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Chapter: The Diversity of Fishes: Biology, Evolution, and Ecology: A history of fishes

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Tetrapodamorphs: tetrapod ancestors - Advanced jawed fishes : teleostomes (Osteichthyes)

Appearing in the Early Devonian with the dipnoans are the three clades referred to as tetrapodamorphs.

Tetrapodamorphs: tetrapod ancestors

 

Appearing in the Early Devonian with the dipnoans are the three clades referred to as tetrapodamorphs. First to appear were therhizodonts (Rhizodontimorpha, order Rhizodontiformes, family Rhizodontidae), with at least seven genera. Next were theosteolepidiforms (Osteolepidomorpha, order Osteolepidiformes; osteolepiforms in Fig. 11.10), including five families. Finally, the infraclass Elpistostegalia appeared, with its important (to us as tetrapods) genera Elpistostege and Panderichthys  in a family that is variously recognized as either Panderichthyidae or Elpistostegidae.


 

Tetrapodamorphs as a group were large, predatory fishes characterized by sarcopterygian traits such as two dorsal fins, cosmine covering of the bones and scales, kinetic (jointed) skulls, lobed fins, and replacement teeth on the jaw margins. They remained common throughout the latter half of the Paleozoic, and most forms disappeared by the end of the Permian. Some were large (up to 4 m long), cylindrically shaped predators that occurred primarily in shallow, freshwater habitats (Fig. 11.13). Evolutionary trends include reduction in dermal bone thickness, a change from diamond- to round-shaped scales, and an increasingly symmetrical tail. The latter trait is often considered indicative of a hydrostatic function for the gas bladder (Moy-Thomas & Miles 1971).


Figure 11.13

Eusthenopteron foordi, a well-known osteolepidiform and member of a lineage considered close to the direct ancestor to tetrapods. (A) The full restoration, and (B) the neurocranium, endoskeleton, and fin supports. Note the large mouth, large symmetrical tail, and posteriorly placed median fins, all characteristics of active predators. From Jarvik (1980), used with permission.


 

Of the three groups, we know most about the osteolepidiforms and especially the tristichopterid Eusthenopteron foordi because of exceedingly well-preserved material painstakingly prepared by E. Stensiö and associates (Fig. 11.13). One specimen alone required 6 years of serial grinding and many more years of analysis to characterize just the anatomy of the skull of this fish. Jarvik (1980) commented that we probably know more about the skeletal anatomy of Eusthenopteron than we do about most extant fishes. This knowledge is fundamental to our understanding of the anatomical transitions that occurred as sarcopterygians changed from purely aquatic forms capable of breathing atmospheric oxygen to semiterrestrial forms capable of movement on land and no longer dependent on gills (Fig.11.14).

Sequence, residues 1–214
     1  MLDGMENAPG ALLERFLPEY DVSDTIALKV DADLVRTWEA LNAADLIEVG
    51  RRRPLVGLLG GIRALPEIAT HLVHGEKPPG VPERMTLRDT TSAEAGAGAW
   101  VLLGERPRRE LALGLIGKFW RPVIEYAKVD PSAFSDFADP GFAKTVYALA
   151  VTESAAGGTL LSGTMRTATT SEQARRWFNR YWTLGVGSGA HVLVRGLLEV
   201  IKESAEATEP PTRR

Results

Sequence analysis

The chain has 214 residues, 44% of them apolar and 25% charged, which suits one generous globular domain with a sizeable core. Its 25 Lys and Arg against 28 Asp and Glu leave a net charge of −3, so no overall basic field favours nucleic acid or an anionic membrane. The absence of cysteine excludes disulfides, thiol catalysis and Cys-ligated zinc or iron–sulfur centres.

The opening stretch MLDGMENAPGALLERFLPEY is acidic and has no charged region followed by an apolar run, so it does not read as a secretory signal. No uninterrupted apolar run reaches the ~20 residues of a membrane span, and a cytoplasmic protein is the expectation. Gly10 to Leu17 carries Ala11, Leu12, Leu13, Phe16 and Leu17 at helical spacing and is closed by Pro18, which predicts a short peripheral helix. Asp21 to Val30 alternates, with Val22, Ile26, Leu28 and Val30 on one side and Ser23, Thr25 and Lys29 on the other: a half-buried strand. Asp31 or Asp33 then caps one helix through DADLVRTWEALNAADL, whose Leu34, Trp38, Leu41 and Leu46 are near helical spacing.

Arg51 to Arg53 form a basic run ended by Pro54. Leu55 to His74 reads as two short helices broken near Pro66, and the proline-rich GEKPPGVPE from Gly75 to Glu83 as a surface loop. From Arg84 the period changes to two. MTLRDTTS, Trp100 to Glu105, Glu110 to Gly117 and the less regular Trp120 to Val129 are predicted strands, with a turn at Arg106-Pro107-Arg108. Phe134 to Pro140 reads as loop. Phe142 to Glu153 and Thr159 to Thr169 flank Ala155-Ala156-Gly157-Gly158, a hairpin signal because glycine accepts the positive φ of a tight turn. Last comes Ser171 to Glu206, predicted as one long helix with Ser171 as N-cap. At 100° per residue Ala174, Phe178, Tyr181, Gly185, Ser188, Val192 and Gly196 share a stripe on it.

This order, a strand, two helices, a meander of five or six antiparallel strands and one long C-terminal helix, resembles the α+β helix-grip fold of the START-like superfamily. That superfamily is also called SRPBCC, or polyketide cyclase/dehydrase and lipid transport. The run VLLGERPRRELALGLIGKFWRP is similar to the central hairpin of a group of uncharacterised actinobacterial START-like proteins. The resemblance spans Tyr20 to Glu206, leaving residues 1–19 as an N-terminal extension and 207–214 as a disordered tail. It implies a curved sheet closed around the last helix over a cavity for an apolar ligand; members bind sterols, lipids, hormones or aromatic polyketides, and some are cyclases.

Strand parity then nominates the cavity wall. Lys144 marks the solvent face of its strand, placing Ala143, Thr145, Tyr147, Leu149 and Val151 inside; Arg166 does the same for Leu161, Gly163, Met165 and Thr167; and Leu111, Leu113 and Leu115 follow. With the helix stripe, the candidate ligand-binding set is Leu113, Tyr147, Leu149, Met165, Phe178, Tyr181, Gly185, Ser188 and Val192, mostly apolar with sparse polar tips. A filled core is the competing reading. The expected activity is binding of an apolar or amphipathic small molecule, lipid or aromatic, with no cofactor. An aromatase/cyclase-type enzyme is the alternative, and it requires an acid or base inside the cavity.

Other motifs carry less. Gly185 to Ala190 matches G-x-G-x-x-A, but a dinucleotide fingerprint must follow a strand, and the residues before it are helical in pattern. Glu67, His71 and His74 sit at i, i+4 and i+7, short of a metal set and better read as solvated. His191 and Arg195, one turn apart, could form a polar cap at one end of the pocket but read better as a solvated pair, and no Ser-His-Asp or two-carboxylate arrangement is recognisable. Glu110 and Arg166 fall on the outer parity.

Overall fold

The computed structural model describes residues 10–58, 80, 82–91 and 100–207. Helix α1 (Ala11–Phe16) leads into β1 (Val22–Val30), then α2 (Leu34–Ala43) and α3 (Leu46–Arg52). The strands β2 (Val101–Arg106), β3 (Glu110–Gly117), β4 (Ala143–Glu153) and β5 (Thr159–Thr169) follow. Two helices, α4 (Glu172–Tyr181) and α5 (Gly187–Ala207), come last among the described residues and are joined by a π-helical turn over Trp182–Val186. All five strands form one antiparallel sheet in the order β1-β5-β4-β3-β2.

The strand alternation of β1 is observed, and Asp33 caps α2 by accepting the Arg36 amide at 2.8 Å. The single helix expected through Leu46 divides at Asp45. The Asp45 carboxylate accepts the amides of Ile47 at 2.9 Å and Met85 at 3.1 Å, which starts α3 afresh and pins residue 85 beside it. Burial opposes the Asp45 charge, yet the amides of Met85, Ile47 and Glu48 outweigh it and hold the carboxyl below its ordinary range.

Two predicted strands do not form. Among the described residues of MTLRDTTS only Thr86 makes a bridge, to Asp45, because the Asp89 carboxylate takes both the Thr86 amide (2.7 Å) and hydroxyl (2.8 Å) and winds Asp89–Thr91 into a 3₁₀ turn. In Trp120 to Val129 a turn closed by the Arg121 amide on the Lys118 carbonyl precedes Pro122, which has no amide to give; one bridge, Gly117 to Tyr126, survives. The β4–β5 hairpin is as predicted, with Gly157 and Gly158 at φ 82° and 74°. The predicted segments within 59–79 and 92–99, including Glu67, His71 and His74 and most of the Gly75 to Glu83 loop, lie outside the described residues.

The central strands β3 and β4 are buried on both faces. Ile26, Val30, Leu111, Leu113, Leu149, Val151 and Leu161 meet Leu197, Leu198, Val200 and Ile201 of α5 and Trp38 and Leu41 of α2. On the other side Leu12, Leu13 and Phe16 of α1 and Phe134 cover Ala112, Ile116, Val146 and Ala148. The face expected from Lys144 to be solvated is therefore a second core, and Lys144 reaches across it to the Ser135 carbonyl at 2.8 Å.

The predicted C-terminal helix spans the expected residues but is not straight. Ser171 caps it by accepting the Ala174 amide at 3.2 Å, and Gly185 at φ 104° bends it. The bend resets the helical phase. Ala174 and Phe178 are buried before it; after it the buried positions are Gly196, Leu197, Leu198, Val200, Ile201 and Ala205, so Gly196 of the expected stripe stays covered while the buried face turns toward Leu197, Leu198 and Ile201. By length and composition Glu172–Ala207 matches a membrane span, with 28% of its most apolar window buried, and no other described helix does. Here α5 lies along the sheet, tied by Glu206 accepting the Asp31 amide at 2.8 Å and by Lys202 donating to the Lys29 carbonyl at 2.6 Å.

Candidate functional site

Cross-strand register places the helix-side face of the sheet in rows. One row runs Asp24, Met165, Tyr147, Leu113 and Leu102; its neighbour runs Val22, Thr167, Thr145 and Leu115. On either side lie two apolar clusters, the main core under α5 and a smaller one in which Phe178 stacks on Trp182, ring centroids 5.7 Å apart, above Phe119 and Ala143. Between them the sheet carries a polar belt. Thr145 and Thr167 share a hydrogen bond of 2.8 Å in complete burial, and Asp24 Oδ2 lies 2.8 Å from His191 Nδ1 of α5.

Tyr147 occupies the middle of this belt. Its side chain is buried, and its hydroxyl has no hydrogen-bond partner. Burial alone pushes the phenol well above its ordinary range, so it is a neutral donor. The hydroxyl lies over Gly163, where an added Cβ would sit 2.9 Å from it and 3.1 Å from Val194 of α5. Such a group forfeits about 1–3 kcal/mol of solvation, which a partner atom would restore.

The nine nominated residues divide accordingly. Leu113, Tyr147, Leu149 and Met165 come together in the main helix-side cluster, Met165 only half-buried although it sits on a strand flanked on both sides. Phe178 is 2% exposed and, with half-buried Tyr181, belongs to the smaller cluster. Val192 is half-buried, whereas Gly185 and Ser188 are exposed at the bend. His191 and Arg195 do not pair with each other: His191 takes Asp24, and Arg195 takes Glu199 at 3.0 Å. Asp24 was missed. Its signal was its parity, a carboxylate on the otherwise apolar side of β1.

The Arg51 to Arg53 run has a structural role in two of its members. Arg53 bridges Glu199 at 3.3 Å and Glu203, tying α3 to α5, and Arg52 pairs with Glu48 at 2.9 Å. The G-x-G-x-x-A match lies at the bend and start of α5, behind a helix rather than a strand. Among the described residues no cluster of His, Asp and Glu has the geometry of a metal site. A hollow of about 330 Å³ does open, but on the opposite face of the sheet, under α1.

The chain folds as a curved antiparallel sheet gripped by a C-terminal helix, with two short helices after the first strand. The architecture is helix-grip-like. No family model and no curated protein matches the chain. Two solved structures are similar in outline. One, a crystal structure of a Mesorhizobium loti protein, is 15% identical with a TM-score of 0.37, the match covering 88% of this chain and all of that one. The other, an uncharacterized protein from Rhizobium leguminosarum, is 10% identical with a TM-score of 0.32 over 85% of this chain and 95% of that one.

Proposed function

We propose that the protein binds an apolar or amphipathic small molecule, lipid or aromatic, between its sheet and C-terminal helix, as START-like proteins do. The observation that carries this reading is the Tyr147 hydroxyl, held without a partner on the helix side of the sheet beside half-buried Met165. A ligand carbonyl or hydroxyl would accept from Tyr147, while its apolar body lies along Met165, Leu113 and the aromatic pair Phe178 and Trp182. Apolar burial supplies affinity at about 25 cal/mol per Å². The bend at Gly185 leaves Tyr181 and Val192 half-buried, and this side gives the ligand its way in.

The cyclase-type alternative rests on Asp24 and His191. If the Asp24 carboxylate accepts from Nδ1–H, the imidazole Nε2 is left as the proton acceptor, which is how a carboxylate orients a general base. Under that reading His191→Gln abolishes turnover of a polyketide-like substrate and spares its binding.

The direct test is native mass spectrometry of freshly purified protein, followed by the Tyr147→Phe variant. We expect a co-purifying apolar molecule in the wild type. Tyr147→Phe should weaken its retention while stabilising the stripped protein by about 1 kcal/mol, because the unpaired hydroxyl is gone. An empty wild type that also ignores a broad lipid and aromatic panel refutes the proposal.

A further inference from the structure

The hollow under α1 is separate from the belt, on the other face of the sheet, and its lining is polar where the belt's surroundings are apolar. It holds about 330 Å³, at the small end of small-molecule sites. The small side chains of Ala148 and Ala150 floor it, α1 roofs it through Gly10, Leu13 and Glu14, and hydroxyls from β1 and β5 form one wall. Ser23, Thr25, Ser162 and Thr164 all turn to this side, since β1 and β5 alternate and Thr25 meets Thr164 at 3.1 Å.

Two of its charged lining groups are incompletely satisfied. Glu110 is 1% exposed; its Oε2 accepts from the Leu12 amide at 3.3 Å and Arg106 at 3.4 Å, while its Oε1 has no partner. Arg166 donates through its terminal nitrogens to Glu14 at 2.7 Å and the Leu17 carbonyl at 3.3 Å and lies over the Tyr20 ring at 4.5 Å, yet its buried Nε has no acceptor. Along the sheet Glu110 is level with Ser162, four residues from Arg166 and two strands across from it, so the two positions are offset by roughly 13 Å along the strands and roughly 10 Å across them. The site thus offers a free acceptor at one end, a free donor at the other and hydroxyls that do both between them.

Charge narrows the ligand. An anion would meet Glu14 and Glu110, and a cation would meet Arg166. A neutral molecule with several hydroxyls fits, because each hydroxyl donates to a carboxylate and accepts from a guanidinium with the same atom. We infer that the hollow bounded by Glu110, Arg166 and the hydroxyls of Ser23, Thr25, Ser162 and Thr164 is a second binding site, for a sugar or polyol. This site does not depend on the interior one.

Figure 11.14

Presumed key traits that characterized the sarcopterygian ancestors of tetrapods, as evidenced by Eusthenopteron. Among the traits are (A) an intracranial joint in the skull roof associated with the profundus nerve foramen; (B) the arrangement of the dermal skull bones; (C) axial elements of the pectoral fin skeleton (e.g., humerus, ulna, ulnare); and (D) support skeleton of the second dorsal fin. After Ahlberg and Johanson (1998).

 

 

Although osteolepidiforms possessed many homologies with later tetrapods, these fishes were unlikely to have been transitional forms to living on land, even temporarily. It is the elpistostegalians that are generally considered the most likely sister group of modern tetrapods. Focus has been placed on many apparent homologies, including eye position, skull roof bones, paired fins, dentition, and vertebral accessories (Pough et al. 1989, 2005; Forey 1998). Elpistostegalians and tetrapods both have eyes set close together on the top of the skull facing upwards, with eyebrowlike ridges. The median series of skull roof bones – frontals, parietals, and nasals – may be homologous, although not all workers agree on terminology. The paired fins of the osteolepidiforms and elpistostegalians are very similar to those of the stem non-amniote tetrapods of the Upper Devonian, such as Ichthyostega (Fig. 11.15). This fin type contains bones homologous to the proximal elements of tetrapod fore- and hindlimbs (humerus, radius, ulna; femur, tibia, fi bula), unlike the axially arranged, leafl ike archipterygial fins of the dipnoans. 



Figure 11.15

Comparative pelvic appendages of: (A) Eusthenopteron, a Devonian osteolepidiform fish; (B) Ichthyostega, a Devonian stem tetrapod; and (C)Neoceratodus, a modern lungfish. Note the apparent homologous bone series of the osteolepidiform and tetrapod limb, as compared with the less similar central axis and radials of the “archipterygial” lungfish fin. (A, B) from Jarvik (1980), used with permission; (C) from Semon (1898).

 


 

The tetrapodomorph fin could provide improved body support for benthic locomotion, perhaps including movement across land. The dentition of both osteolepidimorphs and early tetrapods was very similar, consisting of conical teeth with numerous infoldings of the dentine, termed labyrinthodont dentition, although this may have been a convergent trait among large carnivorous vertebrates (see Pough et al. 2005). Both groups also had ossified neural spines that grew dorsally from ring-shaped, ossified, vertebral centra.

 

The search for the putative missing link between piscine sarcopterygians and early tetrapods (the latter no longer classified as amphibians) was greatly clarified with publication in 2006 of the description of Tiktaalik roseae and a discussion of its place in the vertebrate lineage. Few fossil discoveries, aside from those involving hominid ancestors, have received as much media attention.


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